<a href="url" onclick="target='_blank';">This will open in a new window for those with js support, if they do not support the js it will open in a normal window</a>

  4. #4
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    Originally posted by PeOfEo
    This is a little better imo:

    <a href="url" onclick="target='_blank';">This will open in a new window for those with js support, if they do not support the js it will open in a normal window</a>
    It does not, however, solve the problem that the "target" attribute isn't valid in HTML 4.01. It hides in invalidity from the validator but it is still invalid. But the 4.01 Spec. requires that "HTML documents are constrained to conform to the HTML DTD both before and after processing any SCRIPT elements." ( http://www.w3.org/TR/html401/interac....html#h-18.2.4 )
    “The power of the Web is in its universality. Access by everyone regardless of disability is an essential aspect.”
    —Tim Berners-Lee, W3C Director and inventor of the World Wide Web

  5. #5
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    Originally posted by Charles
    It does not, however, solve the problem that the "target" attribute isn't valid in HTML 4.01. It hides in invalidity from the validator but it is still invalid. But the 4.01 Spec. requires that "HTML documents are constrained to conform to the HTML DTD both before and after processing any SCRIPT elements." ( http://www.w3.org/TR/html401/interac....html#h-18.2.4 )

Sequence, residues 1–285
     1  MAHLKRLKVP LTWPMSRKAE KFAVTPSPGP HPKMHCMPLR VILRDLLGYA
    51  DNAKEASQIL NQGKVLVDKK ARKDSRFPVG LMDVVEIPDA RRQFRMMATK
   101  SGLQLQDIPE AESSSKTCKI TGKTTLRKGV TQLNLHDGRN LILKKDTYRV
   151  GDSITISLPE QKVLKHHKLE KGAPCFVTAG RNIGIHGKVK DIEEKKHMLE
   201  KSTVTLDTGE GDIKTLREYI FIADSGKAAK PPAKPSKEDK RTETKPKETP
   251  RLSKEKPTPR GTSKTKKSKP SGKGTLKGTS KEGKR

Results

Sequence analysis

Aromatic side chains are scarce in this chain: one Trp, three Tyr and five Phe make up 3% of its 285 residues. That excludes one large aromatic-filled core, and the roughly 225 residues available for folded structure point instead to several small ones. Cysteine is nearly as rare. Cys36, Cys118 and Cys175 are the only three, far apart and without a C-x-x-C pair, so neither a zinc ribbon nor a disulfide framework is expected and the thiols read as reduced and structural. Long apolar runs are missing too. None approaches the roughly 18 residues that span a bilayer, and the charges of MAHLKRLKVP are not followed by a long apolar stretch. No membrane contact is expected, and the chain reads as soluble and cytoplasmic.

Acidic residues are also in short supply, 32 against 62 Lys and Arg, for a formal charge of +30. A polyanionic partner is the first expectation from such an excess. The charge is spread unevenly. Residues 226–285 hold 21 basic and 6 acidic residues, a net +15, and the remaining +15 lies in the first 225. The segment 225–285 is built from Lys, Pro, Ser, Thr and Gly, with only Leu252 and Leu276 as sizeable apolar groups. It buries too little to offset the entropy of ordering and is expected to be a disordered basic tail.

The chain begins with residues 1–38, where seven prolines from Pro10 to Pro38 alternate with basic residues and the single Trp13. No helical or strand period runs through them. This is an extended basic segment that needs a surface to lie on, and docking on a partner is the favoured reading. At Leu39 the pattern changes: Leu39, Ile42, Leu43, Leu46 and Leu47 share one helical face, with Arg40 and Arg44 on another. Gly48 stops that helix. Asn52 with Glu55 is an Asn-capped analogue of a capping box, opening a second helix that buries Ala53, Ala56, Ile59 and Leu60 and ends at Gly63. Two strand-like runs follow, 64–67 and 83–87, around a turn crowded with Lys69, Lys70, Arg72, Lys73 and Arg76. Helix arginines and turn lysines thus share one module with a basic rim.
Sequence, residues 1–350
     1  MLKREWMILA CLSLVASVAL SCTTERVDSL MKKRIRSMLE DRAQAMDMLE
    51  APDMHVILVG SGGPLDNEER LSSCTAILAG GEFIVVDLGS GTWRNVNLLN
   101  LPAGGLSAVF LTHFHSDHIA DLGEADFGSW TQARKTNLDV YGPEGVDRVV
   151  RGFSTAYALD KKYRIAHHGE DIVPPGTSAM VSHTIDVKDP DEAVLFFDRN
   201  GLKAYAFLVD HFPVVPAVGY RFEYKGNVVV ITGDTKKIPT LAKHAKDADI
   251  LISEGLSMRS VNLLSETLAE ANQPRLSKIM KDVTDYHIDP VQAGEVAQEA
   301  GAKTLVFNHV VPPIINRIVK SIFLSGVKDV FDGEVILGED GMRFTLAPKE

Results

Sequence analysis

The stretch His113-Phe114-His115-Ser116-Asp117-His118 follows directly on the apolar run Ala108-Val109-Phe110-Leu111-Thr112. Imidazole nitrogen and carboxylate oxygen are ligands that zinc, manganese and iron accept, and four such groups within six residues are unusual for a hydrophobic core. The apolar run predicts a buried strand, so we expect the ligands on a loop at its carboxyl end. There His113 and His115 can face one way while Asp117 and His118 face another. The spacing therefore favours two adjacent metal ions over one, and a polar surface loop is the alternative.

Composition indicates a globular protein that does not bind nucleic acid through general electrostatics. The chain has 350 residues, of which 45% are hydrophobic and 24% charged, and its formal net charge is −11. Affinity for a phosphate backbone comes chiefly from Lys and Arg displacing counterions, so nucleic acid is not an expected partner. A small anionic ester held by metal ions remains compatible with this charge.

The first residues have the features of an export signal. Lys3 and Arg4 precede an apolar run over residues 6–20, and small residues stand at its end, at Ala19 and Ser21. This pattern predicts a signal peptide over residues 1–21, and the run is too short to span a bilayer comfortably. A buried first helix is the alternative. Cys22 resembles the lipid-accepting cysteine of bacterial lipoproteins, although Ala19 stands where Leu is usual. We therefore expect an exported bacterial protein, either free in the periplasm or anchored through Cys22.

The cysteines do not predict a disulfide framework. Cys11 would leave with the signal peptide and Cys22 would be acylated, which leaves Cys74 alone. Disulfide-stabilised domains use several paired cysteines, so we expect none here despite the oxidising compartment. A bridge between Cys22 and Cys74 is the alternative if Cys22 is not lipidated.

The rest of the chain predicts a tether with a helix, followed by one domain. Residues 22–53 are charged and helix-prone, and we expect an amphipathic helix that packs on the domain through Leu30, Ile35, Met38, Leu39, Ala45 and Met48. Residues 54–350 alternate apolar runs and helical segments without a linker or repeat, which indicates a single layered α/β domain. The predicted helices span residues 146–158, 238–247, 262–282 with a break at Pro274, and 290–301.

But would doing it with my method make it any more inaccessible then the previous method?

  6. #6
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    Originally posted by PeOfEo
    But would doing it with my method make it any more inaccessible then the previous method?
    It does violate the accessibility guidelines, but in practice I don't think that it's any worse than the others. It does, however, contain the problems unique to each of the other two. If you want to use the "target" attribute then use the "target" attribute. Cheating isn't allowed and it isn't nice.
    “The power of the Web is in its universality. Access by everyone regardless of disability is an essential aspect.”
    —Tim Berners-Lee, W3C Director and inventor of the World Wide Web

  7. #7
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    so basically i have to keep links pointed to the window they're already in. damn.
    "Outside of a dog, a book is a man's best friend. Inside a dog, it is too dark to read." - Mark Twain

  8. #8
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    Originally posted by rhsunderground
    so basically i have to keep links pointed to the window they're already in. damn.
    You can use the "target" attribute with one of the transitional DTDs or you can use the JavaScript method described above by lakers01.
    “The power of the Web is in its universality. Access by everyone regardless of disability is an essential aspect.”
    —Tim Berners-Lee, W3C Director and inventor of the World Wide Web